Why The Garmin 220 GPS is Awesome
In the spirit of full disclosure, the Garmin 220 was my first “real” running watch. Before that, I used a few different running applications on my phone. Before that… whatever brand of stopwatch my coach used back in high school. I read a lot of information online, but I knew that I really didn’t want something huge, and I had a bit of an affinity to Garmin products (my brand of choice for the GPS in my truck and the handheld GPS which goes along on my ice fishing adventures are both Garmin branded) – so my choices quickly narrowed to some of the newer (at the time) Garmin watches.
The Garmin Forerunner 620 added a few more bells and whistles (VO2 max estimate, recovery advisor, race predictor) which didn’t quite justify the expenditure for me at the time, and I also opted to not purchase the add-on HRM (chest strap) when I brought my new Forerunner 220 home (as the extra cost – $50 – was identical to the cost to purchase it at a later date).
I downloaded the Garmin Connect app to my phone (an iPhone at the time, I now have an Android-based phone and the application seems identical from a user’s perspective), entered some basic setup information about myself, and away I went.
The watch itself has quite a few configurable items, including:
- beeps vs. vibration alerts vs. silence (I chose vibration, I already hear enough beeps on the race course)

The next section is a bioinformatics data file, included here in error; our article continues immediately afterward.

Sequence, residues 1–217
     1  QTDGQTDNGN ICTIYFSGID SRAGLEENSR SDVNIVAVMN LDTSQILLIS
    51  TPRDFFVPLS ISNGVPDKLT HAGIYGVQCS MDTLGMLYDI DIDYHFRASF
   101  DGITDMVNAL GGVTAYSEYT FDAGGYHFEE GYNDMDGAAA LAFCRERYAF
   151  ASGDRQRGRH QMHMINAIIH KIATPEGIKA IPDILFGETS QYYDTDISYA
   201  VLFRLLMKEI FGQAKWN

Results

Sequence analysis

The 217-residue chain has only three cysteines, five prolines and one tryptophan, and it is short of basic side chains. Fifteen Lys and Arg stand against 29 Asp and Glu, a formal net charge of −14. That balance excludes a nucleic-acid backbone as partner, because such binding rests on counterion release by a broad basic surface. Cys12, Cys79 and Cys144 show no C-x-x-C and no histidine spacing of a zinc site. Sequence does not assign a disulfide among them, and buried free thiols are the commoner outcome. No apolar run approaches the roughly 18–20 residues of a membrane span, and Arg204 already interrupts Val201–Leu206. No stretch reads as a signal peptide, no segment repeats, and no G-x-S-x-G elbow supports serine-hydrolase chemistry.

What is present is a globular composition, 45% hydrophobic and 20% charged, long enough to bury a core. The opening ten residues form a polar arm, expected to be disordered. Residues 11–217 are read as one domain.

- auto-pause when stopping (useful for things like not counting the time you spend at traffic lights, I turned this on)
- auto-lap (e.g., store splits at every mile, you can still manually create laps by using the lap button on the watch)
- pace alerts (this can be set in general, but can also be used in conjunction with specific workouts)
- back light duration (either temporarily for a set number of seconds after pressing the button, or can stay on continuously – I did the latter during my nighttime leg of Ragnar Great River last summer)
- GPS on or off (more about this in a bit)
- Bluetooth on or off (how your watch syncs to your phone wirelessly, alternately you can use the included USB charging cable to directly connect to your computer)
- HRM (optional, I didn’t use this)
- How many data pages to display (you can scroll through these mid-activity, but can only configure which are available from the settings menu before or after completing an activity)
Your watch stores previous activities as well as personal records (both are also accessible via the app and the Garmin Connect website). From the watch itself, you can review things like overall time, distance, and pace of a workout, as well as lap-based data (distance of lap and average pace for that lap).
One of the first things which drew me to the Garmin 220 (of the Forerunner line), was the size and weight. While the face of the watch itself is slightly bigger than a watch I would have picked for other purposes, I found myself wearing the watch pretty much non-stop for two important factors: the height of the watch face itself is quite minimal, and the watch as a whole is incredibly light Compared to the 210 which this watch replaces, Garmin put it on quite a diet!